In continuing celebration of the Maritime and Archipelagic Nation Awareness Month or #MANAMo this September 2022, this week’s #TrowelTuesday features the iron anchor from Donsol Astillero retrieved in Barangay Dancalan, Donsol, Sorsogon.
The anchor, measuring 3 m in length, was exposed after a flood in the area in the 1950s. It was documented by Dr. Mary Jane Louise Bolunia, now the Division Chief of the Archaeology Division of the #NationalMuseumPH, during an archaeological survey in 1994.
The Astillero Site was archaeologically excavated for 4 field seasons from 1995 to 1997 by the #NationalMuseumPH. Situated on a farm known as Astillero, locals claim that the area was named after an actual astillero or shipyard located in the area.
Most of the recovered artifacts were made of iron, such as nails, spikes, and dowels. There were also copper and lead objects, fuel materials (charcoal, coal, and coke), shells, bone fragments, and ceramics that included earthenware, stoneware, Chinese and European porcelain sherds, bricks, and tiles.
Based on the initial geoarchaeological assessment, it suggests that the location was originally a mangrove area and infilled with soil to make it useful for the purpose of the astillero. Aside from the recovered artifacts, the team also discovered remnants of a furnace and man-made pools called lepak, probably used as a source of water for cooling metals during smelting, iron slag deposit, and earthenware crucibles. This indicates that the site once had a fabrica, a metal workshop for shipbuilding materials, and a shipyard approximately used during the Spanish period.
Astilleros are evidence of the Spanish colonization lost over time. Archaeological activities in the Donsol Astillero led to the discovery of a shipyard participating in the Manila-Acapulco galleon trade. The location of Donsol Astillero in Sorsogon was favorable to the galleon trade not only because it was part of the trade route but because of its rich natural and human resources to build and repair ships. The province also boasts of other astilleros, like the Binanuahan and Panlatuan in Pilar and Bagatao in Magallanes.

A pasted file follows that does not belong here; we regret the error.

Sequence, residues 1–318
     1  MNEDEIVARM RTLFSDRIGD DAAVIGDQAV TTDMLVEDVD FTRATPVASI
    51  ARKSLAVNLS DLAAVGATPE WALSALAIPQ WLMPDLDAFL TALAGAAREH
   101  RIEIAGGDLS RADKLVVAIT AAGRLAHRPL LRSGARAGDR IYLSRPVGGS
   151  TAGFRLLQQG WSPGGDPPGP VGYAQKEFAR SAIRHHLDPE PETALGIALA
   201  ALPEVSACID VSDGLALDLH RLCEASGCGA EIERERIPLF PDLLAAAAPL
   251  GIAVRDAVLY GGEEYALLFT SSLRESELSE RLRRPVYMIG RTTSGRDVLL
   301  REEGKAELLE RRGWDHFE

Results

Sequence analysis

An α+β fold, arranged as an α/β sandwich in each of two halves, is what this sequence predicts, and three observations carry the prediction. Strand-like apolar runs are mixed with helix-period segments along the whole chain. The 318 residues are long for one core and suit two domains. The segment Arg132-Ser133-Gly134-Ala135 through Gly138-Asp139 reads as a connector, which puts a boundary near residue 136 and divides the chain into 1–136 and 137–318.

More research has to be done on the Astillero Sites to fully understand its role in the country’s maritime history. The iron anchor from Astillero is currently on loan to the Museo Sorsogon, where you can also view other archaeological materials recovered from the province.
Text by Sherina Aggarao and Mary Jane Louise Bolunia, and poster by Timothy James Vitales | NMP Archaeology Division
© 2022 National Museum of the Philippines
Bolunia, M. J. L. (1996a). Brief Accomplishment Report on Astillero, Brgy. Dancalan, Donsol, Sorsogon and vicinities [Fieldwork Report]. National Museum of the Philippines.
Bolunia, M. J. L. (1996b). Preliminary report on the archaeological exploration and test excavations of the Astillero Site, Dancalan, Donsol, Sorsogon (December 8-15, 1995) [Fieldwork Report]. National Museum of the Philippines.
Bolunia, M. J. L. (1997). The Astillero: A metal smelting site in Barangay Dancalan, Donsol, Sorsogon [Fieldwork Report]. National Museum of the Philippines.
Bolunia, M. J. L. (1998). Astillero: An archaeological analysis of a 19th century metal smelting site [Master’s Thesis]. University of the Philippines.
Bolunia, M. J. L. (2014). Astilleros: The Spanish shipyards of Sorsogon. In Proceedings of the 2nd Asia-Pacific Regional Conference on Underwater Cultural Heritage.
Ronquillo, W., & Bolunia, M. J. L. (2012). Binanuahan and Panlatuan Astillero: Spanish period shipyard in Pilar, Sorsogon (A preliminary report) [Fieldwork Report]. National Museum of the Philippines.